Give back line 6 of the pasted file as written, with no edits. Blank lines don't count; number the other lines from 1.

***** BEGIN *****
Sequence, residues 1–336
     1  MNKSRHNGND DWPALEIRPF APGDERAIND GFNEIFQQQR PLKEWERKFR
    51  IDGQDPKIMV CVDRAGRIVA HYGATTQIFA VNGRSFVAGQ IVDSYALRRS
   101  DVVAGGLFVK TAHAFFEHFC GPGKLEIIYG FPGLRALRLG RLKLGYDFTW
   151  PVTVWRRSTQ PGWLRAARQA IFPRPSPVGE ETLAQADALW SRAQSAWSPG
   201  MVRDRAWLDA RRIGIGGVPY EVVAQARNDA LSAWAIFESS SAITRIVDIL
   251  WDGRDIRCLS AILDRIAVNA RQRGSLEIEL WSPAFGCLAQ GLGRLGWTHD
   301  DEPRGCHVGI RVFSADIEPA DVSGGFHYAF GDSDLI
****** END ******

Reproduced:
   201  MVRDRAWLDA RRIGIGGVPY EVVAQARNDA LSAWAIFESS SAITRIVDIL